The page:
LONDON, United Kingdom — Kering and London College of Fashion (LCF) are introducing a new certificate programme to address the complex and interconnected sustainability challenges facing the fashion industry.
Titled “Fashion and Sustainability: Understanding Luxury Fashion in a Changing World,” the six-week course, co-developed by academics from the London-based school and Kering’s sustainability experts, is built on six key modules, covering both the theoretical aspects of sustainability as well as real-life business cases that luxury brands face, such as raw material sourcing, animal welfare and reducing greenhouse gas emissions.
Every stage in a garment’s life threatens the planet and its resources. It can take more than 20,000 litres of water to produce 1kg of cotton, equivalent to a single t-shirt and pair of jeans, according to the World Wide Fund for Nature. Up to 8,000 different chemicals are used to turn raw materials into clothes, including a range of dyeing and finishing processes.
“Sustainability is something that you have to start from the early stages [of a company.] It needs time and is a long-term approach [if you want] to able to execute a strong strategy and action plan,” says Marie-Claire Daveu, chief sustainability officer and head of international institutional affairs at Kering. “It’s something that we emphasise at Kering; it’s not only a topic for the design team. It’s important that everyone has a minimal knowledge about sustainability.”
Sustainability is an opportunity, not a constraint.
Consisting of a mix of films, podcasts, activities and discussions, the open-access course can be completed anywhere with good access to the Internet and is structured so that students can work through learning materials at their own pace — fitting education around their own schedule, rather than having to attend lectures at set times.
According to Daveu, it was important for the course to be online, especially in an industry like fashion, where the most prestigious institutions have traditionally been concentrated around the industry’s design capitals. “Online teaching brings that expertise to your home, to your desk. I’m not just talking about students, but also people who work. This is an opportunity for everyone to follow this training wherever they are.”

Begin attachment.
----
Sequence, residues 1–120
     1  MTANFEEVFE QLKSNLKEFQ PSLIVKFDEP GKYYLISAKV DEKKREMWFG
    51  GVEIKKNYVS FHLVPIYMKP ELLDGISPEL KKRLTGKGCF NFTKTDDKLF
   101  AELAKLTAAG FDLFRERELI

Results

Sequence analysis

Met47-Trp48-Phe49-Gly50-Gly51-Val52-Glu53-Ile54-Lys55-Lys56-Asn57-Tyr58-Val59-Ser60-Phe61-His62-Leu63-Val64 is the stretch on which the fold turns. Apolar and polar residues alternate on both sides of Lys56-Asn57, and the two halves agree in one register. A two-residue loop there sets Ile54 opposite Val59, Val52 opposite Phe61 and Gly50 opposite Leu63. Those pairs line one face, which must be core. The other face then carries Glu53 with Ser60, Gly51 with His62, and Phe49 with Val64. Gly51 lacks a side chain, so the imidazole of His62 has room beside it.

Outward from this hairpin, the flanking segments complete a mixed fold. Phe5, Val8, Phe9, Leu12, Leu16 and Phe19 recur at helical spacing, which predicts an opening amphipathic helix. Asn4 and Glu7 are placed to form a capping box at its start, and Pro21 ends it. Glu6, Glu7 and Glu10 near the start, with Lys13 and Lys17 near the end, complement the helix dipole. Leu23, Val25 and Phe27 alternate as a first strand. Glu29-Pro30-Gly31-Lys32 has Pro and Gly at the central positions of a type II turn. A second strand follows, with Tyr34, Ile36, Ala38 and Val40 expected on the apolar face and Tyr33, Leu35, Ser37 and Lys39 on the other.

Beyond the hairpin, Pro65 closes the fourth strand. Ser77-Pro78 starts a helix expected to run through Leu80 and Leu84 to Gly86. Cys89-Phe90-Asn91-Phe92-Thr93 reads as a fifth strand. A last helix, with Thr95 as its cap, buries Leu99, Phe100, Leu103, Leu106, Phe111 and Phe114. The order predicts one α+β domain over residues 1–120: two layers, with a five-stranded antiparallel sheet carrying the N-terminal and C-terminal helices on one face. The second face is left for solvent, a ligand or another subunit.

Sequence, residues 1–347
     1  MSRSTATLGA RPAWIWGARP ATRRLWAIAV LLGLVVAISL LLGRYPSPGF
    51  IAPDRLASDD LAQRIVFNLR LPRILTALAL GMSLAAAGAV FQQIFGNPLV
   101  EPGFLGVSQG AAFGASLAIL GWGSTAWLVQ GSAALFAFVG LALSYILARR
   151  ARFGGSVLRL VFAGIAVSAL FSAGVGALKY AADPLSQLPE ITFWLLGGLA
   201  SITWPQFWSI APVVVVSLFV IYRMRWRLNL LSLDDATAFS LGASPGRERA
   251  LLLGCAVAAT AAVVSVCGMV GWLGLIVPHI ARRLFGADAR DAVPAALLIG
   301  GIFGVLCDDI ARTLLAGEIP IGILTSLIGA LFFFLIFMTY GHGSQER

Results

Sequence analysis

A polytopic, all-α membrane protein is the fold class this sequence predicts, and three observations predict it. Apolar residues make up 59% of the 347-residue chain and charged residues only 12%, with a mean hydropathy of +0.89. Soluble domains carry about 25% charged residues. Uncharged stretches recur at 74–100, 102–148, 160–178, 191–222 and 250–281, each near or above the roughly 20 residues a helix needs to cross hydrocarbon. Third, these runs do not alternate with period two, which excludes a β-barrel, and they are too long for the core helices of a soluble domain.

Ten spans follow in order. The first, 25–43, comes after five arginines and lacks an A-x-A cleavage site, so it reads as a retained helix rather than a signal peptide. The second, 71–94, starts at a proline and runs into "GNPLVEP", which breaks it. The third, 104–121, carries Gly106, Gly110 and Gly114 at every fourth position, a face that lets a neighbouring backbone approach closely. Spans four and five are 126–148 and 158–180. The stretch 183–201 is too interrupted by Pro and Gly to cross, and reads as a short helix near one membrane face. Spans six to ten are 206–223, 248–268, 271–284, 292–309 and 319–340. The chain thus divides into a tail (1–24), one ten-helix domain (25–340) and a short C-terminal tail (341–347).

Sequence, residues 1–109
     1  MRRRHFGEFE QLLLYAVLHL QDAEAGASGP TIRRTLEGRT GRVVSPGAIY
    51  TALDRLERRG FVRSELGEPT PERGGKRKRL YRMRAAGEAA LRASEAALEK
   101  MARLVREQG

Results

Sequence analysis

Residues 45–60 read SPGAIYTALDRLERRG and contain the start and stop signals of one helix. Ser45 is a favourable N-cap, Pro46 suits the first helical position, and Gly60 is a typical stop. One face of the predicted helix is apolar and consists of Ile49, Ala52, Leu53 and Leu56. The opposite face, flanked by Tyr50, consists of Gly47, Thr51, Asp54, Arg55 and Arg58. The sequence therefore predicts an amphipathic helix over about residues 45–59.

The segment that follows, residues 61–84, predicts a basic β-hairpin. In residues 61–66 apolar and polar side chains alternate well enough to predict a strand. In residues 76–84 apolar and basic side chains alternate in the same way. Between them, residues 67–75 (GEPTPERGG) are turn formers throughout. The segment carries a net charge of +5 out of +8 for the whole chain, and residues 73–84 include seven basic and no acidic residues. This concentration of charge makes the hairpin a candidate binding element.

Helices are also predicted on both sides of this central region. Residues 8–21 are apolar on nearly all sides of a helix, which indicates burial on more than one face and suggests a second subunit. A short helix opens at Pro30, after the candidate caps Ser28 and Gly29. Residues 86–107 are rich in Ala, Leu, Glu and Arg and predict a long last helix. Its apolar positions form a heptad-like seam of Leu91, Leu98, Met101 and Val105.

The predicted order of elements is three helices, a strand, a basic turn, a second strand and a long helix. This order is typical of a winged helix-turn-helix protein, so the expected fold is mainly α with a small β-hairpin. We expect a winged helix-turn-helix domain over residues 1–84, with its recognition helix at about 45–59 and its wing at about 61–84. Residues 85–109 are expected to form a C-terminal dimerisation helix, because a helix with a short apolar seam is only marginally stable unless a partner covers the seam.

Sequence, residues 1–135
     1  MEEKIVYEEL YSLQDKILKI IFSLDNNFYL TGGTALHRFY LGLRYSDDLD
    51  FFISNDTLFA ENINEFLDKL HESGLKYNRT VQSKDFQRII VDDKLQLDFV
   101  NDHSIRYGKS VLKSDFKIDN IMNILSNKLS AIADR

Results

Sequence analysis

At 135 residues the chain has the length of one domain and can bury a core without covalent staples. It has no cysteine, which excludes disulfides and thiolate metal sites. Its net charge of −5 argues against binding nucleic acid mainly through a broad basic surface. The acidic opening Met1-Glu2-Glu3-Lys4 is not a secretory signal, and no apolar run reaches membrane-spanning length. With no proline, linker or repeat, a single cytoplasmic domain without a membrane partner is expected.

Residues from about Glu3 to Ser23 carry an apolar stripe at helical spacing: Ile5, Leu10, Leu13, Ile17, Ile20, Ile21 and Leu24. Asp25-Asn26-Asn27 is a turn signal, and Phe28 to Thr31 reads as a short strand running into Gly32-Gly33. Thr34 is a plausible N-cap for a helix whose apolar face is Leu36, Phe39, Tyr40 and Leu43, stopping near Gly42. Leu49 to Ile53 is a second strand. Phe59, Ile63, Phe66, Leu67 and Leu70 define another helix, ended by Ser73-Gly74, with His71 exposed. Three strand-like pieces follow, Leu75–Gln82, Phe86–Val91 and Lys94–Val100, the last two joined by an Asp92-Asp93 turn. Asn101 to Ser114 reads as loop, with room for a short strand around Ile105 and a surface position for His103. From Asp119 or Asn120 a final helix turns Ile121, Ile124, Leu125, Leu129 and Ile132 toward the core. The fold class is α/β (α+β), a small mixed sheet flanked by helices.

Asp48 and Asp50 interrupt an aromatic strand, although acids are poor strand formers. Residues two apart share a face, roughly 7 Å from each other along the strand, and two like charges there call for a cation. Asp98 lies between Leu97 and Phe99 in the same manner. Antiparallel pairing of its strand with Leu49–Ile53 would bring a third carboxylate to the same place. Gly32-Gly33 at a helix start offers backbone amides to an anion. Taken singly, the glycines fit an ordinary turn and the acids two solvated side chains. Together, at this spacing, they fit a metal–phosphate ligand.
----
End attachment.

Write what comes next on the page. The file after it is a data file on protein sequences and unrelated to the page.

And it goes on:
"By open sourcing knowledge, we can provide a platform for learning that encourages the sharing of ideas and solutions, with the potential of reaching a critical mass of people," adds professor Frances Corner, head of London College of Fashion, University of the Arts London. "There is a moral imperative to act, which is more urgent than ever before."
As part of the roll-out, a cohort of young British designers, identified by the British Fashion Council (BFC), have trialled the course, to ensure its relevance to industry professionals seeking to boost their sustainability knowledge. Looking ahead, Daveu believes that anyone looking to apply for a position at Kering should “have a minimal knowledge and understanding of sustainability,” she says. “It’s not just something for people in design and production to be interested in, but for all Kering employees. It’s important to share the same values.”
The move by Kering and LCF follows a similar partnership between LVMH and Central Saint Martins (CSM), which announced a sustainable innovation programme in February 2017, titled “Double Vision: Innovation, Sustainability, Luxury.” As part of the initiative, CSM will host a series of sustainability-driven projects, workshops and events, while offering its research facilities to LVMH. In turn, the luxury group will work with students or graduates on consultancy projects.
"Through these partnership-led experiences, students are learning that they all have a vital role to play in creating an environmentally and ethically responsible future," says Anne Smith, dean of academic programmes at Central Saint Martins.
“There are many challenges in the industry, but in luxury, we have a specific responsibility because we are influencing trends,” Daveu continues. “People need to realise that sustainability is an opportunity, not a constraint. It’s a chance to be optimistic, because you can make wonderful products while taking care of people and the planet. The solution does exist.”